Eiffel Tower reopens after two-day strike

Tourists will be able to summit Paris’s most famous monument once again on Thursday after the Eiffel Tower was set to reopen after a two-day strike. Staff staged the walk-out in protest at the long queues that were making visitors "more and more impatient".

Eiffel Tower reopens after two-day strike
Long queues at the Eiffel Tower were one of the reasons staff went on strike. Photo:Gideon Malias/AFP

Workers at the Iron Lady in Paris were set to return to work on Thursday after staging a two-day walk-out in protest over pay and conditions.

The strike, at the height of the summer season, began on Tuesday morning after talks lasting seven hours failed to lead to an agreement between management and staff at the French capital's most famous landmark.

Thousands of tourists were left frustrated at missing out on a chance to climb the monument, which on a normal day welcomes around 30,000 visitors.

The strike by the 300-odd workers is the first since a two-day shutdown in December 2010.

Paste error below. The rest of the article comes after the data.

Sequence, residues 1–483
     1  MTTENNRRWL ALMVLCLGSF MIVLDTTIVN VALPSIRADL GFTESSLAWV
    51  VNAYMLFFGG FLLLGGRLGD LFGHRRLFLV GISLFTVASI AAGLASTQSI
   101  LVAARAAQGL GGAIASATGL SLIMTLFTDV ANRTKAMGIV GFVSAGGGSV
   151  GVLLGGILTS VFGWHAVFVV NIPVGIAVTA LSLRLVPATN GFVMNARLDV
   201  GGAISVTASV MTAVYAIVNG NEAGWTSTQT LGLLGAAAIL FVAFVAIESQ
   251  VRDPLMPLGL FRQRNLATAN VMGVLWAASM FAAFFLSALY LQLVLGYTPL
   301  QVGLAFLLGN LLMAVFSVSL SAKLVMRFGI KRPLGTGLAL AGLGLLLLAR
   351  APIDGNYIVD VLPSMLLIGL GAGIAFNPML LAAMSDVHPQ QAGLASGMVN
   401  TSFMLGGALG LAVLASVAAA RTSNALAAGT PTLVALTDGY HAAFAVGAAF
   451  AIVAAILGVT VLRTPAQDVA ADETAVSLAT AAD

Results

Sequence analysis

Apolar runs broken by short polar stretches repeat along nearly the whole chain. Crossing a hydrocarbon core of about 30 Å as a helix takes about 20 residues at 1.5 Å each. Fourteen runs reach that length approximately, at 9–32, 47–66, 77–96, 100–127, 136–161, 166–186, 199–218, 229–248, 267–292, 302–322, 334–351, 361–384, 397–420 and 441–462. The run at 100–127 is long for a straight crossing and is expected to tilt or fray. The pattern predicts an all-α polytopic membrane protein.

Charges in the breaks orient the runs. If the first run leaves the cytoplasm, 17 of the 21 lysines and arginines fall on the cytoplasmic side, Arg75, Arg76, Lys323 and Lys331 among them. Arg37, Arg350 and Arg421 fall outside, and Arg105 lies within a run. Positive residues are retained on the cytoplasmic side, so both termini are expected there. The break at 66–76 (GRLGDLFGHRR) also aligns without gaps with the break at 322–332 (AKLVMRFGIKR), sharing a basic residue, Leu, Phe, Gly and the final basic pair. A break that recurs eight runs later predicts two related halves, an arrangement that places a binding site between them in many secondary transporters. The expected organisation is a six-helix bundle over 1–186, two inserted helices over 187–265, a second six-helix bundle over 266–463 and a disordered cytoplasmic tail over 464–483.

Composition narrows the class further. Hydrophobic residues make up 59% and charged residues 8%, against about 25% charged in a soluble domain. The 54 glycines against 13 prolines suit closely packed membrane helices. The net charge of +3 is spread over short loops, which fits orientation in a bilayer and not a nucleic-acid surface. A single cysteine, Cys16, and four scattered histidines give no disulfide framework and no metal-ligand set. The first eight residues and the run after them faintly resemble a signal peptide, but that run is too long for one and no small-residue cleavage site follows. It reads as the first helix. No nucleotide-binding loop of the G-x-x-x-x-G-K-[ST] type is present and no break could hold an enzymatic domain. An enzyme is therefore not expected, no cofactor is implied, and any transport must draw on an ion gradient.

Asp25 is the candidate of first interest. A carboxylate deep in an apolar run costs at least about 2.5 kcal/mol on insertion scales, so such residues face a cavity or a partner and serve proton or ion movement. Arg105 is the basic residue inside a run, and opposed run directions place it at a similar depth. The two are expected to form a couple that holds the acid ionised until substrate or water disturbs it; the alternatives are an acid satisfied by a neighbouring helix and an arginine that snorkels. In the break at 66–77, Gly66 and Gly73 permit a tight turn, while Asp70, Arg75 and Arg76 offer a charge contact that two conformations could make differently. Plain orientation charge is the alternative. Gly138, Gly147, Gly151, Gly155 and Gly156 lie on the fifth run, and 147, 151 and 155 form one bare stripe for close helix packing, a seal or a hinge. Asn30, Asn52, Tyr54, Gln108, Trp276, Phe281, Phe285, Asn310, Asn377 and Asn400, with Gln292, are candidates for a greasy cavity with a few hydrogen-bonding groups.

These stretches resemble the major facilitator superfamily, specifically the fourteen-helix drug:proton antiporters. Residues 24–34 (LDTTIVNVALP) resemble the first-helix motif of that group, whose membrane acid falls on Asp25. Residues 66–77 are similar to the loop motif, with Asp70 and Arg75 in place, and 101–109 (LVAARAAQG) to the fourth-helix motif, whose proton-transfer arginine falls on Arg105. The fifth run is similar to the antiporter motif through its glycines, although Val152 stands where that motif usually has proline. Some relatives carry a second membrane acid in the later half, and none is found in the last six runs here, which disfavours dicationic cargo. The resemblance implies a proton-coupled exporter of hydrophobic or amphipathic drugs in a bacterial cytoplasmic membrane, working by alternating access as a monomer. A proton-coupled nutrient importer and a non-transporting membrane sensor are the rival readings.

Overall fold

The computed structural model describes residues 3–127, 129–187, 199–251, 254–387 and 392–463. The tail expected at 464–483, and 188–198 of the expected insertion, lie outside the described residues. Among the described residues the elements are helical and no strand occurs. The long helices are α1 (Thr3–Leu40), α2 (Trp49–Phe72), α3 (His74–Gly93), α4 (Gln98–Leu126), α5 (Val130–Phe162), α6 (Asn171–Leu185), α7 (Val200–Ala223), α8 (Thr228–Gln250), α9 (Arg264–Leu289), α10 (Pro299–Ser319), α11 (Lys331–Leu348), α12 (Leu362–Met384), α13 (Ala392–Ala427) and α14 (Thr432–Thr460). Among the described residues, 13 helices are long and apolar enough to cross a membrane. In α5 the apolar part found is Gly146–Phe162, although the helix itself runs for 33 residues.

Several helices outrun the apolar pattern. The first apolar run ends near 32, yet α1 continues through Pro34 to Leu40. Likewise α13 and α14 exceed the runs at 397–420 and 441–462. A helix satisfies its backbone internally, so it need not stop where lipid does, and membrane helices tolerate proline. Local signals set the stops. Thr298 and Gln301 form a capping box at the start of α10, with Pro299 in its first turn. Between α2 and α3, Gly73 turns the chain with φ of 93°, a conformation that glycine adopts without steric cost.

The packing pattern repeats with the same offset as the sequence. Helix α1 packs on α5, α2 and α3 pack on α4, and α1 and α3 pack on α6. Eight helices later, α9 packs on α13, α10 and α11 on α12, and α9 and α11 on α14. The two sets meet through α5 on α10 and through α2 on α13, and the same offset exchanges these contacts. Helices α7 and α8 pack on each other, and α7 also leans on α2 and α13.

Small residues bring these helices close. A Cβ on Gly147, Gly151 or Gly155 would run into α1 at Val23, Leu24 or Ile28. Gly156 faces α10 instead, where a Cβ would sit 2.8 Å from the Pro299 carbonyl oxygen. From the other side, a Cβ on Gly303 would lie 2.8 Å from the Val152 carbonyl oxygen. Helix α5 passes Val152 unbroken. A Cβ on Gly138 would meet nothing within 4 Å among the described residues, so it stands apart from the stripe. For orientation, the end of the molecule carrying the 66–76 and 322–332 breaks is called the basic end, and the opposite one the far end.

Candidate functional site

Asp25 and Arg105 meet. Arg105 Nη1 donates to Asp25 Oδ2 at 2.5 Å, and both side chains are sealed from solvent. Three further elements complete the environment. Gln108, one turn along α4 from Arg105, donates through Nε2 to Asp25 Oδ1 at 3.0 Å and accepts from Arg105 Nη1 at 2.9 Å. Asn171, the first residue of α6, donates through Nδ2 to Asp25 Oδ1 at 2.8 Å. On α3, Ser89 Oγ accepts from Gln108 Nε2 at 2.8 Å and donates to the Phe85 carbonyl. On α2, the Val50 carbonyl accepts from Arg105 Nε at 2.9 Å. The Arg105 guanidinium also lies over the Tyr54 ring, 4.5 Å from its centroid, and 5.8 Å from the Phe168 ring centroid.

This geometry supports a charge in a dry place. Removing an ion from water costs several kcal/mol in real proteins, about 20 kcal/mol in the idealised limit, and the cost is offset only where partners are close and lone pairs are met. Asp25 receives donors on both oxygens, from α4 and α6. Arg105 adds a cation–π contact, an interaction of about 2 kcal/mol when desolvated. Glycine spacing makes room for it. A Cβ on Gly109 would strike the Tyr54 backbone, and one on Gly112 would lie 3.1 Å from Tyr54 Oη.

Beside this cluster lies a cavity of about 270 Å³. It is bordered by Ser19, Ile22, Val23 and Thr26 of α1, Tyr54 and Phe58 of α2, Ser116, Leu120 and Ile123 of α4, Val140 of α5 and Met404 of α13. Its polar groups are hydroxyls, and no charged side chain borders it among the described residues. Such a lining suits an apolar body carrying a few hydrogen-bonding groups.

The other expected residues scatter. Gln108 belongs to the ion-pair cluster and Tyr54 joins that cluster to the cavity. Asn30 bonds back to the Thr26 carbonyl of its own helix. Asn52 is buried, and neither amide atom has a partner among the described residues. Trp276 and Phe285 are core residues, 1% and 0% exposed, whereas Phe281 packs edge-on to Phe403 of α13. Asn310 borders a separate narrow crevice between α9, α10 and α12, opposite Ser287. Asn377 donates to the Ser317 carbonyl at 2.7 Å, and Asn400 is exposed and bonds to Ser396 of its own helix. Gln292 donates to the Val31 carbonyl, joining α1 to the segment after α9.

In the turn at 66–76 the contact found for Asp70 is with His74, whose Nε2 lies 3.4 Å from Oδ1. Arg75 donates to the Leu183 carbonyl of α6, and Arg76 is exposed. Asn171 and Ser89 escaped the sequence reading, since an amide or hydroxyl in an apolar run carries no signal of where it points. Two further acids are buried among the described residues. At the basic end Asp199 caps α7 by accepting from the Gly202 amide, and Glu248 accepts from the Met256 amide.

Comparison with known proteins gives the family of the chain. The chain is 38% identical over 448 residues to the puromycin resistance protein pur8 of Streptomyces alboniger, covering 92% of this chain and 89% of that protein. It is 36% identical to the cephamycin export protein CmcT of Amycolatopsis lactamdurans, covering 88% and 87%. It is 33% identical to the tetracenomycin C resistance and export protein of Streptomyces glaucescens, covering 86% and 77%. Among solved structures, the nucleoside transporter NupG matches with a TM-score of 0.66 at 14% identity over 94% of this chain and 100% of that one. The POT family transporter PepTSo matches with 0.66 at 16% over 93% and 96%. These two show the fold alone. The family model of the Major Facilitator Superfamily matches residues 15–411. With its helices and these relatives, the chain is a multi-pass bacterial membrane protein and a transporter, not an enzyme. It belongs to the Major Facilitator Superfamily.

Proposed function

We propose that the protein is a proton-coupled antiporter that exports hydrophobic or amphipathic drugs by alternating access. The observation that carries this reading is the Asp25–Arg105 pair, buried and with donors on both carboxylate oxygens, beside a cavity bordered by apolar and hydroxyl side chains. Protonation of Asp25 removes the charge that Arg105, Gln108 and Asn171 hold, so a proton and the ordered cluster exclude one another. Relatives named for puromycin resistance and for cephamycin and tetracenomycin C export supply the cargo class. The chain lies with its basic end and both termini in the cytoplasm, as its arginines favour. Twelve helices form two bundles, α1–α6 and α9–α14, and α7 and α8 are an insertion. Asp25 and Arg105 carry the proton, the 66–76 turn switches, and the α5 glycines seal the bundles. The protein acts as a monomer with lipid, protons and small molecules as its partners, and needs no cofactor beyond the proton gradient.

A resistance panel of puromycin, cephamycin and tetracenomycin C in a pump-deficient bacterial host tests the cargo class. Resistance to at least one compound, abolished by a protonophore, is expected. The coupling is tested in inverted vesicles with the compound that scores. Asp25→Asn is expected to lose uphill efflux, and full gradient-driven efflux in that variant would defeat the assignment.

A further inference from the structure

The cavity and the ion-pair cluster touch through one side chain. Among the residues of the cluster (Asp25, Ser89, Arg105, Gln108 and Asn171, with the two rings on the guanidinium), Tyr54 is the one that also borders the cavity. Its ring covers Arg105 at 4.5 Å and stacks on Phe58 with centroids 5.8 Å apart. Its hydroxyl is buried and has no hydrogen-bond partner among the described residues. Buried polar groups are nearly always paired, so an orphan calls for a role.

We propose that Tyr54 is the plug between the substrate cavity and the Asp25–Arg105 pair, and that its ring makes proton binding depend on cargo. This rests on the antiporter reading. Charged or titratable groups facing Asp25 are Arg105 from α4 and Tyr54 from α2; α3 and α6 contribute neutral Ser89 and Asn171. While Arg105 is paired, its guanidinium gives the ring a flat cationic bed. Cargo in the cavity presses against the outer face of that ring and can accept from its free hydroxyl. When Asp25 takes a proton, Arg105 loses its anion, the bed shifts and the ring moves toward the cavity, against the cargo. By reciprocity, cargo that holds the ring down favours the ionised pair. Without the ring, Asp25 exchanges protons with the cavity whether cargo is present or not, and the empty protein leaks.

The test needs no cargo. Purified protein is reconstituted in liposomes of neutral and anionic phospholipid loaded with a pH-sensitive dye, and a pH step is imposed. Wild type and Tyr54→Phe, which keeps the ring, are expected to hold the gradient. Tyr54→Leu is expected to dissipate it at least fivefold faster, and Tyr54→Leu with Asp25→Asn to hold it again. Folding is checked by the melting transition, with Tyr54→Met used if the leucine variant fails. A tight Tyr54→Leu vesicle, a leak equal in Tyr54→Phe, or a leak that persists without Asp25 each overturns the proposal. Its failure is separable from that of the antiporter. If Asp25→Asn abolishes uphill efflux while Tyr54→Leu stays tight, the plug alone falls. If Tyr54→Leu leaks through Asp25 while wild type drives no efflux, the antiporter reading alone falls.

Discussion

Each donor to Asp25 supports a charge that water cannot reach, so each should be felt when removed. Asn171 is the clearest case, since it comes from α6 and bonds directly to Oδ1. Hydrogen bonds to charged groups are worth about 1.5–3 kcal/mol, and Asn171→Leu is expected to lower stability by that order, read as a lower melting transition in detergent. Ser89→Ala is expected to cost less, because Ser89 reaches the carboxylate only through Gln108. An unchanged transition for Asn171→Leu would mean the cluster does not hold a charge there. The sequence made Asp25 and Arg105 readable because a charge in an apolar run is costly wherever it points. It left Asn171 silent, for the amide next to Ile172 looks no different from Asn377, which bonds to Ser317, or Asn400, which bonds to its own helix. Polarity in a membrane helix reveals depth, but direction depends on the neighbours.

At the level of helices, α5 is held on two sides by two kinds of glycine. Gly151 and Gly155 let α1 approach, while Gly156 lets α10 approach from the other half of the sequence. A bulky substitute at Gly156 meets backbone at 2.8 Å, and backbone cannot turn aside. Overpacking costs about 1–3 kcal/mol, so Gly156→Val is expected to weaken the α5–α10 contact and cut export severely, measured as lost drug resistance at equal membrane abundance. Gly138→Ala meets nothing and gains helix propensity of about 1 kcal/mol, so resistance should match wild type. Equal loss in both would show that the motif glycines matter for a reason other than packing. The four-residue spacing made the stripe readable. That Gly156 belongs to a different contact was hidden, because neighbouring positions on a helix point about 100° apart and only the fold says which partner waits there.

The tourists, however, may have had some sympathy for the strikers’ cause.

In a statement released on Tuesday, the workers' union CGT explained their motives for the industrial action.

"The waiting lines are growing longer, the visitors are growing more and more impatient and the work conditions are deteriorating," a CGT statement said.

The unions also denounced the management of the ongoing refurbishment programme at the tower and called for more security.

The CGT had also complained that one of the five lifts due to have been renovated following a decision taken in 2008 was still not ready, putting pressure on the employees.

"The Eiffel Tower  is unique in that it relies on the lifts," said the CGT. "In 2008, it was announced that the West elevator would be renovated. Work was suppose to last two years and cost €18 million.

"But after 5 years, it is still not in use and the cost of the work is now close to €40 million."

Despite their frustration at it being closed, tourists might find it hard not to agree with the strikers' gripes.

The 324-metre (1,063-foot) structure attracts about seven million tourists every year.

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